Zuzanna Janin

Zuzanna Janin, Car, 1999
Zuzanna Janin, Car, 1999

Zuzanna Janin (b.1964 lives and works in Warsaw, Poland) has consistently worked with objects and images that suggest the passage of time, and memories of particular people and places. There is an element of vanitas to these themes. In Skull – an installation related to the artist’s work for TRACE – filmed images of a dancer dancing with her own shadow were projected onto the wall through a gigantic wire outline of a human skull. Shadow lines that follow the contours of the skull blended with the image on the wall, weaving through the dancer’s body. The projected grid was reminiscent of medical imaging technologies: a reference that reminded us of the frailty of the human body, even while the gigantic proportions of the projected figures gave the work a nightmarish quality.

The projected images may have also been read as memories played out ‘inside the head’. Janin’s installations invariably link the body, memory, light and space in this way. Some of her earlier works recreated spaces recalled from daily life. Shadows of rooms she had once occupied were reconstructed out of parachute silk. This material is so light that it moves with even the smallest disturbance of the air: responding, in this case, to the passage of a viewer through the room. It also holds light in an extraordinarily atmospheric way, creating an ethereal architecture out of light and shadow.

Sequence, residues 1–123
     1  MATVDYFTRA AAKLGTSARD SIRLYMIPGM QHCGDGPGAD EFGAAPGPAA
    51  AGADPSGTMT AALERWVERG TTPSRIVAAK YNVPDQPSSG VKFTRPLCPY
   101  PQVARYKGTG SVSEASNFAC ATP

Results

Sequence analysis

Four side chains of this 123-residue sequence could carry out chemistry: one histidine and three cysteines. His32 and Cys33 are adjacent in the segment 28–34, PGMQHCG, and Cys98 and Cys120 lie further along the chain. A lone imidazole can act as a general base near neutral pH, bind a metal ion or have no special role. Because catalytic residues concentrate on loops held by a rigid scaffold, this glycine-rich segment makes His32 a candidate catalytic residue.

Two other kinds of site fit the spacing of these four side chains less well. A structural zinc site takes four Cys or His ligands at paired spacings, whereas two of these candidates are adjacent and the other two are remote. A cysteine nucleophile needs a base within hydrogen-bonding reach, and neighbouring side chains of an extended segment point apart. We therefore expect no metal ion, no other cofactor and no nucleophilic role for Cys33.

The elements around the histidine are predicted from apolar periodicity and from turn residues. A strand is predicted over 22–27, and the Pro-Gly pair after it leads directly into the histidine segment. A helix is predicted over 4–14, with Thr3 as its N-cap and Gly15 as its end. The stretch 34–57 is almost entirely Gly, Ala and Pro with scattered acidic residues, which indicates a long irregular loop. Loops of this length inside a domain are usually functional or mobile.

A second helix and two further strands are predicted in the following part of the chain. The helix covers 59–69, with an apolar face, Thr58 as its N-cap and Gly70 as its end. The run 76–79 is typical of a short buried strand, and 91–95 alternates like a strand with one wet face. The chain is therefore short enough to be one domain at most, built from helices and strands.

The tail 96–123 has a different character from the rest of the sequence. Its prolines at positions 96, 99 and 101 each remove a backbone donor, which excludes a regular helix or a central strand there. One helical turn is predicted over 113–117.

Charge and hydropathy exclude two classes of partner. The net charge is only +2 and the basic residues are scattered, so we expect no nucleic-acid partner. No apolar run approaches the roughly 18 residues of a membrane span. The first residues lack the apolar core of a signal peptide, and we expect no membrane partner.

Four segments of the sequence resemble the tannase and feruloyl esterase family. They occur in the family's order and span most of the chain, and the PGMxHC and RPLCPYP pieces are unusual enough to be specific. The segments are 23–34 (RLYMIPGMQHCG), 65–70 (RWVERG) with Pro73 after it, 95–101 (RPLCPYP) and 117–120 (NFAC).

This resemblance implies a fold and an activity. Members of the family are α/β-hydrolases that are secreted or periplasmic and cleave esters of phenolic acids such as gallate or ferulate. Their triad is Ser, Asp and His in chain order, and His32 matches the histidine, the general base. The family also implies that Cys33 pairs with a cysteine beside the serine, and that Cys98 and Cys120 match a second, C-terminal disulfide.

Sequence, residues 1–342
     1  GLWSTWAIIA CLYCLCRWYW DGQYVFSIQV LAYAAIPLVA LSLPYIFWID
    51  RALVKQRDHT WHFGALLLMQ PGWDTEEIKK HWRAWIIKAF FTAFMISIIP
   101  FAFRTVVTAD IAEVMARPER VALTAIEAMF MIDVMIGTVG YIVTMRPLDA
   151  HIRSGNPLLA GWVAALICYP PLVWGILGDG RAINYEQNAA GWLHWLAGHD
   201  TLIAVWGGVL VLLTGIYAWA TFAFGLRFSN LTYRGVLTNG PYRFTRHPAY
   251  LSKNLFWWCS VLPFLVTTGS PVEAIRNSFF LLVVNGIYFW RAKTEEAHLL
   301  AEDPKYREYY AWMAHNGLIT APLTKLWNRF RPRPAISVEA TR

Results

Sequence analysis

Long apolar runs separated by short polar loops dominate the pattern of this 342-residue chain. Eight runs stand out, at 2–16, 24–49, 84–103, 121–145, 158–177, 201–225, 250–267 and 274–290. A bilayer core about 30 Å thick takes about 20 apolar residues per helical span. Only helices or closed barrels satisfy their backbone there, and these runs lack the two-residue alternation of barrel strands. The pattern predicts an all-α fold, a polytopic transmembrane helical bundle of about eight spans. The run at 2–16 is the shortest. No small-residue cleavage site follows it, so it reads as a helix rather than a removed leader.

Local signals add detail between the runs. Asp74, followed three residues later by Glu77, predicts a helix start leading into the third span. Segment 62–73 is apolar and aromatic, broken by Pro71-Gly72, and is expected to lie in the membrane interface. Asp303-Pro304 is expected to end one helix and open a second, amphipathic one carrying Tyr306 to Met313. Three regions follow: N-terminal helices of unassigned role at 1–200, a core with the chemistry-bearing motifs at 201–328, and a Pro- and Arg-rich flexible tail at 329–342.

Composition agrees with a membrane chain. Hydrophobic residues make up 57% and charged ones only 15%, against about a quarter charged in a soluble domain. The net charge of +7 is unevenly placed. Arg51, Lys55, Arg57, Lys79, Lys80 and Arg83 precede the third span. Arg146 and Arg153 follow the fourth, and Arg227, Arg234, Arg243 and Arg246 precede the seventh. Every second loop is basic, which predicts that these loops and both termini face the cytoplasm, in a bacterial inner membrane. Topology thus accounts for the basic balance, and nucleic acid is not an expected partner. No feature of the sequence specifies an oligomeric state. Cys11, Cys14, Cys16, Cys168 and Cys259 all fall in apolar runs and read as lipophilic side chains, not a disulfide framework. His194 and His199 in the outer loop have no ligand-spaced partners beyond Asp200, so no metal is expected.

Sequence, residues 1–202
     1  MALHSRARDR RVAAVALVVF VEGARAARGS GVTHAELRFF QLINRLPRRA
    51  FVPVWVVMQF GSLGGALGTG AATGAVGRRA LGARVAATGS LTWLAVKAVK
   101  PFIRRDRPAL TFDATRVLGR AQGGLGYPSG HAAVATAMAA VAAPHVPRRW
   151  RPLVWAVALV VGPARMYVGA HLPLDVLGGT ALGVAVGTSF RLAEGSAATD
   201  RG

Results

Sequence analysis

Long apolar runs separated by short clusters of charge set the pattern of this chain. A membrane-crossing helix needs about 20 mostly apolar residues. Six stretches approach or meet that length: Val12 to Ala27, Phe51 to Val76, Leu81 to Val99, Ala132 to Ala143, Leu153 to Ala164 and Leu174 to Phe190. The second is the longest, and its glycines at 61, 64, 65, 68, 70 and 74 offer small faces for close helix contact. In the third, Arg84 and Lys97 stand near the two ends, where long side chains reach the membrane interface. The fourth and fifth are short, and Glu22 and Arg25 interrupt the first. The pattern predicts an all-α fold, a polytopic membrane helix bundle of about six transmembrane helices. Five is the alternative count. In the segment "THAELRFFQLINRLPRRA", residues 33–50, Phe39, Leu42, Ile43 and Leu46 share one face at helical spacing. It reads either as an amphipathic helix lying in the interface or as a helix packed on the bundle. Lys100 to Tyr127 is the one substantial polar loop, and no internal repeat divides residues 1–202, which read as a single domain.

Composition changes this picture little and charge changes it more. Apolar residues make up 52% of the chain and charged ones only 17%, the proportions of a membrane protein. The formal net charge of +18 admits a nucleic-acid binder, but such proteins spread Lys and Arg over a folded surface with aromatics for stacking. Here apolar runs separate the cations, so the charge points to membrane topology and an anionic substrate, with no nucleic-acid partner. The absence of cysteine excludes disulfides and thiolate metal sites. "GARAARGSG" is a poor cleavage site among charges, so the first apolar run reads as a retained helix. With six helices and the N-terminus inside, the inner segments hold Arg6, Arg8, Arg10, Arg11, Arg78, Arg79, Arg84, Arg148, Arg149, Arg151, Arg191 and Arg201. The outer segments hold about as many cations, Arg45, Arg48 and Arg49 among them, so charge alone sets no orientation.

In other work, Janin has used photographic assemblages to explore the passage of time. by layering full-length portraits of her own body with photographs of family members who closely resemble her genetically, she evokes a span of ages in on individual. In this was she creates the illusion of her body agin in front of our eyes from an infant to old woman. 

Car (1999), the work installed for TRACE, also suggested passage. The car of the title was a copper wire network derived from computer-generated  drawings of a car in 3D. A film in real time of the artist's daily journey between home, studio, and gallery was projected onto the car, casting shadows of its wiry contours onto the wall behind. The camera was placed at eye level with a view of the road ahead and the rear-view mirror. The effect was of space moving away in both directions simultaneously, like the past and the future receding from the present.

All of these works in some way suspended the linear perception of time, allowing us an intimation of eternity. Yet equally, they all had a documentary quality, as Janine saw to grasp the elusive structure of memory itself.

Zuzanna Janin at Liverpool Biennial 1999

Car, 1999
copper wire and Projection
Courtesy of Artist